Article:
WASHINGTON, D.C. – If you have student loans, get ready for those payments to start up again. Part of the debt ceiling agreement included resuming student loan payments.
Just before the weekend, Congress passed a deal on the debt ceiling which allows the government to borrow money to pay its bills and keep the nation from defaulting.
“Is it a home run,” asked Sen. Mitt Romney (R- UT). “No. It’s maybe a single, maybe a double, but I don’t think anyone expected that Kevin McCarthy could deliver any base runners at all, and he has.”
“Of course nobody got everything they wanted,” said Sen. Chuck Schumer (D- NY). “There was give on both sides, but this agreement was a very good outcome.”
Part of the deal involved student loan repayments. According to the 99-page bill, repayments will start 60 days after June 30, which is the end of August. The payment pause was first put in place by former president Donald Trump at the beginning of the pandemic. Since then, borrowers haven’t been required to make payments until now.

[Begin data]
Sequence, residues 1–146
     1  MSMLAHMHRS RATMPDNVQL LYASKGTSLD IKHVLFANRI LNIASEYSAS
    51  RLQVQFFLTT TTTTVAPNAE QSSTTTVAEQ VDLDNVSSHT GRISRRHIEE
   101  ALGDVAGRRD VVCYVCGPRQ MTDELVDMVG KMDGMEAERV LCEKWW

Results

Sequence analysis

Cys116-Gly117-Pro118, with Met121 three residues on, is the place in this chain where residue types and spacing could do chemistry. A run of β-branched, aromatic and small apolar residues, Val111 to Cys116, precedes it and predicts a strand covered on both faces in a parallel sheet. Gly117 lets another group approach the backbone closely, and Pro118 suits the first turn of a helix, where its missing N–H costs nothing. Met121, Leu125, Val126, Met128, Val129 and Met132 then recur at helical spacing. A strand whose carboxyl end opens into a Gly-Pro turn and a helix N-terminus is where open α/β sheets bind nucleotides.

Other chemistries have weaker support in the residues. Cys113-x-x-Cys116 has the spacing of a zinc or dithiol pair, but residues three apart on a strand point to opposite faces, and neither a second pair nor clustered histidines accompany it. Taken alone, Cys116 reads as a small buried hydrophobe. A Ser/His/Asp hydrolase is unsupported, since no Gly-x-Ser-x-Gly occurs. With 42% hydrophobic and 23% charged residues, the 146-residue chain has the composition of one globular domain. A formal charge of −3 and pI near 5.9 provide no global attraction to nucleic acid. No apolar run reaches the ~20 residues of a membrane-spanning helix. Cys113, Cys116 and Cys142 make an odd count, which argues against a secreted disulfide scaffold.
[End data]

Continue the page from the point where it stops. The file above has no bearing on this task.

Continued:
According to the Washington Post, about one in five Americans have student loans which is around 45- million people. About half of them have federal student loans with 20-thousand or less to pay. A third of all borrowers owe less than ten-thousand and roughly seven percent with student debt owe more than 100-thousand.
This past Thursday the Senate voted to advance a Republican measure to overturn a separate student loan cancellation plan from the president, which offered up to 20-thousand in federal student loan relief for borrowers who qualified. The White House is expected to veto that measure.
The Supreme Court also heard arguments in February on the president’s student loan forgiveness plan. We expect the court to make their final decision on that within the next few months.